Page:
BOOK EXCERPT

Someone hurt my son: Helping an adult with autism heal from trauma

We moved Nat, 26, home with us for 8 months to heal physically, mentally and emotionally

By Susan Senator
Published April 1, 2018 3:30PM (EDT)
 (Getty/Marjan_Apostolovic)
(Getty/Marjan_Apostolovic)

The following excerpt for Susan Senator’s revised and updated edition of Autism Adulthood explores the all-too-familiar case today of caring for adults with autism. In the following passage, Susan recounts her own experience caring for her adult son, Nat, and the ensuing complications, issues, and concerns.

TRAUMA AND HEALING

On July 3, 2016 we were headed to a friend’s holiday party and I called my twenty-six-year old autistic son Nat upstairs to put on a new, festive shirt. He pulled his shirt off and there, screaming at me from his thin white chest, was a big yellow bruise. Fist-sized. I screamed for my husband, Ned. “Someone has hurt Nat!” I looked at his body again, horrified, nauseated at what I was seeing. And there were more: faint fingerlike bruises on his shoul­ders—and more, fainter, yellow circular bruises on his upper arms.

Several hours later the emergency room doctor announced that Nat had three fractured ribs, plus one more, older healed rib.

An investigation took place. But we had already been told that we may never know what happened. We were learning that this is the way it goes when someone of limited expressive ability gets hurt. “Unreliable reporter” was what they called him.

We pulled Nat out of all of his settings and he lived at home with us for nearly eight months. I did all I could to surround him with love, food, fun. Ned took him on long walks. His younger brother Ben stayed with him when we had to meet with the Department of Developmental Services (DDS) investigating team. Nat’s other brother Max came up just to be there for us. My sister drove five hours to stay overnight to see Nat, to take care of him and me. To be sure that her godson was okay. My parents, Ned’s family, all our friends formed strong glorious walls of support for us.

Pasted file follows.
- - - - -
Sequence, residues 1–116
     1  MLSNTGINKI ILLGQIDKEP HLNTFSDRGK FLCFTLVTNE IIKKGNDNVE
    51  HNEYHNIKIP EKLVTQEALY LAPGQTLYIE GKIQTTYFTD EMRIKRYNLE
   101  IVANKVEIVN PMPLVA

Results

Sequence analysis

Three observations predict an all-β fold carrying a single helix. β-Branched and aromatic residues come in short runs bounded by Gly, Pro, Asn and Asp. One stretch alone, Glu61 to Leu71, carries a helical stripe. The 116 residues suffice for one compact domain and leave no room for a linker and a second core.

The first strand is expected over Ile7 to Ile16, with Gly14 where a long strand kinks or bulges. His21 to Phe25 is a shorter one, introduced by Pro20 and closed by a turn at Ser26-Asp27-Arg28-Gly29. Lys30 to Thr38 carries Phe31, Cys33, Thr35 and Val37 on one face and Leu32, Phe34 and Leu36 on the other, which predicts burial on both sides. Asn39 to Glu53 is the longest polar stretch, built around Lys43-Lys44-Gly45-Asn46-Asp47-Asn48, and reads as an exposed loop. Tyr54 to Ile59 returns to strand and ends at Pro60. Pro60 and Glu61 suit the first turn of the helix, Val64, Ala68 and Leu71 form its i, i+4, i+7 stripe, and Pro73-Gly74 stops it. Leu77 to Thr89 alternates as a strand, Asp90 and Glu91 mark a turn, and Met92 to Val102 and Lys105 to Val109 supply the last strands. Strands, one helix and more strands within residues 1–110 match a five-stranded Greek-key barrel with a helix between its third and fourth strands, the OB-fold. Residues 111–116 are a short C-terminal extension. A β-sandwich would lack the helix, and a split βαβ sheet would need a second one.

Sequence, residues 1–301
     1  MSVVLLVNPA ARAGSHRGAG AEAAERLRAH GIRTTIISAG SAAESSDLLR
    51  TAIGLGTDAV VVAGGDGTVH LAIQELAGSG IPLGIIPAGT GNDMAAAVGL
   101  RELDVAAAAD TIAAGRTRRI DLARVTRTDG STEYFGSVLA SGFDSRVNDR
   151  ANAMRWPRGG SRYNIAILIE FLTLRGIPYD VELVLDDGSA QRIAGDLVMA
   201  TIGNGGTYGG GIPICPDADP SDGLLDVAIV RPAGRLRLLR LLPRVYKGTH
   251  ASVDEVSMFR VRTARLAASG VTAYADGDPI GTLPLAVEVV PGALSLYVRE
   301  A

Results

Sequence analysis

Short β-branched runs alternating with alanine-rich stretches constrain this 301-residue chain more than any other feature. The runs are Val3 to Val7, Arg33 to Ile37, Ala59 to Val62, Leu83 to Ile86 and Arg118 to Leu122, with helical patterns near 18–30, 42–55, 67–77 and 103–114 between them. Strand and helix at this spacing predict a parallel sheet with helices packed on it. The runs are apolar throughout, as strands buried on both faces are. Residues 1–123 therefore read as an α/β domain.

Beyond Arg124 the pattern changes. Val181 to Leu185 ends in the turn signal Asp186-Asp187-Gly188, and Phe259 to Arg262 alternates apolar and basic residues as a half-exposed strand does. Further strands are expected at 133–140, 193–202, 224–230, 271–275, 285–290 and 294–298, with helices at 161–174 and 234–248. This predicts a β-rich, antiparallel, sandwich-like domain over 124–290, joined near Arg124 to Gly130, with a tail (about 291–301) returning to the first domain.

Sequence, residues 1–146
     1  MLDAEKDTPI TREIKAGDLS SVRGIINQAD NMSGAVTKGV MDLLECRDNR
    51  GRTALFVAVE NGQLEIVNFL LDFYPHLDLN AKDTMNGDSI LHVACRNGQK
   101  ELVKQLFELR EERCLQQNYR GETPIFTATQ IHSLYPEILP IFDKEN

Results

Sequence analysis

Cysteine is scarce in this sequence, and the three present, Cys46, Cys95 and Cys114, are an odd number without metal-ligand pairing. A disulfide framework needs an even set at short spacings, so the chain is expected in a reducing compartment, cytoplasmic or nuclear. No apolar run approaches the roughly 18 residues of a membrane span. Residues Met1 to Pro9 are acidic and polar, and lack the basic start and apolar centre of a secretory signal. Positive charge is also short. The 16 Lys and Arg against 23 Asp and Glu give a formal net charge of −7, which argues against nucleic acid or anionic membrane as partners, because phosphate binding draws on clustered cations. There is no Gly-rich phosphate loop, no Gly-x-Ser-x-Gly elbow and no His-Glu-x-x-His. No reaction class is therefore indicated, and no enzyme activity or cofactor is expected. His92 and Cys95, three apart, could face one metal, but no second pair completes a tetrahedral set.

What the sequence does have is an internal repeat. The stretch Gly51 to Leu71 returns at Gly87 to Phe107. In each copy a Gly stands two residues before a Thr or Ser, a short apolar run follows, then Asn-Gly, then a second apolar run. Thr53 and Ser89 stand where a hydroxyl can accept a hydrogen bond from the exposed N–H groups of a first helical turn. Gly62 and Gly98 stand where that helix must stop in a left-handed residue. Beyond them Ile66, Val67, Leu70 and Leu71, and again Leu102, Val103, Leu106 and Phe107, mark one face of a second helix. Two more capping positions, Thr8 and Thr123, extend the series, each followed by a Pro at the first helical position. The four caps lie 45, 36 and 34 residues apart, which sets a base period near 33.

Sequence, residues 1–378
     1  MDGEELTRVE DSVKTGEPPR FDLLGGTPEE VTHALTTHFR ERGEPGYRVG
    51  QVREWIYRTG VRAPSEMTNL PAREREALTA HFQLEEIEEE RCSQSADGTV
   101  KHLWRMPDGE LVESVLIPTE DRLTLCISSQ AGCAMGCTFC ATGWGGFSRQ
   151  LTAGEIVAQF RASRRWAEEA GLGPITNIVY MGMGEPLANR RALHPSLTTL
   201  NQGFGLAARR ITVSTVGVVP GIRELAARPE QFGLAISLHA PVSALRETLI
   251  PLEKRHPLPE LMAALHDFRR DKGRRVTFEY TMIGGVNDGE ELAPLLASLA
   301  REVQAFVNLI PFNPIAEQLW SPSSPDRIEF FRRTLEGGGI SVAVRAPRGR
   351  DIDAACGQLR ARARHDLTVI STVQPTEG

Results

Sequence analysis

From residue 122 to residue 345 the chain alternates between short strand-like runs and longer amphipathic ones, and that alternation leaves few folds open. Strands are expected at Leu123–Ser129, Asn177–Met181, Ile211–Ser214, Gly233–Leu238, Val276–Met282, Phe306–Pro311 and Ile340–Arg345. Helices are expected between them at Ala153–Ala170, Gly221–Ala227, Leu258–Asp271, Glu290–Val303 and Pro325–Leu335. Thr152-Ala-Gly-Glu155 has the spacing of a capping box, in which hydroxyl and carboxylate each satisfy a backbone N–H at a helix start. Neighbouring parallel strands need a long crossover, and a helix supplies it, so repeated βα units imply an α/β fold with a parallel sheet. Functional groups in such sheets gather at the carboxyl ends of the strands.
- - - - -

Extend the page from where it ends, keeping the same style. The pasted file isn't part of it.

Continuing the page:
But still. I didn’t know how I would ever trust anyone again when what I wanted to do was rip heads off people.

It takes a lot of force to break ribs. But it takes one glance at a sickly yellow bruise to break a heart.

For most of July we were reeling. I spent a lot of time crying and wrapping Nat up in my care, and in the most basic expres­sions of Motherlove—making his favorite food, arranging his room so that it was comfortable and cheerful for him, pillows, comforters, CDs spread out on the floor. I compressed my brain into one shape, one thought: How do I help Nat heal? What are his favorite things? And the answers came easily: physical activ­ity, people his own age, travel, car rides, vacations, plane rides. That’s when I remembered the sports camp: Ascendigo, a camp in Colorado, where he’d gone for three summer weeks as a teen. What beautiful, blissful weeks those had been for Nat. The camp specializes in outdoors and even extreme sports like rock climbing and zip lines. I asked him about it, and he jumped at it. I then had to arrange it all very last minute and find the money to cover it. If it’s meant to be, I told myself, it will happen. And it did. They had a slot, and I found flights for us.

Camp went as wonderfully as we had hoped. The two weeks were very smooth, with Nat taking special pleasure in a new sport: horseback riding. And Ned and I had time to figure a few things out about what to do next—what supports we could find for him, a part-time staff person to work with him in our home. A new day program. By August, we were able to start looking into the future, such as his daytime occupations. What should he be doing with his time? He didn’t want to return to his old job of putting away shopping carts at a supermarket. So what else could we find for him? I did what I’ve always done: ask other moms who seemed happy. Nail down the places with the best reputations, the places that communicate a lot with the parents, the programs that offer choices, with consistent, com­passionate staff. A place with a diverse, friendly peer group. Then we’d visit them. Take Nat along and see how they respond to him, and he to them. Cheerful people, fun choices, open spaces, lots of eyes on him. I found three such places but in the end chose the closest to home. And so August was Nat’s transition back into a daily routine.